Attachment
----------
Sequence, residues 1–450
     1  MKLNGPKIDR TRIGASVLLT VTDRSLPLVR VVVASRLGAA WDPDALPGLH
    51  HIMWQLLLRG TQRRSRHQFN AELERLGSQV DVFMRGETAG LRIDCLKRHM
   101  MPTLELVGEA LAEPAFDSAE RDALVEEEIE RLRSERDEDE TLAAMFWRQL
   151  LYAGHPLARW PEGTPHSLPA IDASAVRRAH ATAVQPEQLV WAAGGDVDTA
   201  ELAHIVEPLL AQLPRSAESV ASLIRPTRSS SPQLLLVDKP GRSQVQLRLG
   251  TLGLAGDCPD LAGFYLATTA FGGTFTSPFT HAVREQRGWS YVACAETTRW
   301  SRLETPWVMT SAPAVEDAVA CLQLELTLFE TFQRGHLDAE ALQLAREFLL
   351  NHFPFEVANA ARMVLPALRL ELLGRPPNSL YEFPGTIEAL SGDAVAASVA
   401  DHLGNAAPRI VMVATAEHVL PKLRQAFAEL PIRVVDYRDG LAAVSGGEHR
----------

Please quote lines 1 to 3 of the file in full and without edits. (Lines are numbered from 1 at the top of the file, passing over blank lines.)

Sequence, residues 1–450
     1  MKLNGPKIDR TRIGASVLLT VTDRSLPLVR VVVASRLGAA WDPDALPGLH
    51  HIMWQLLLRG TQRRSRHQFN AELERLGSQV DVFMRGETAG LRIDCLKRHM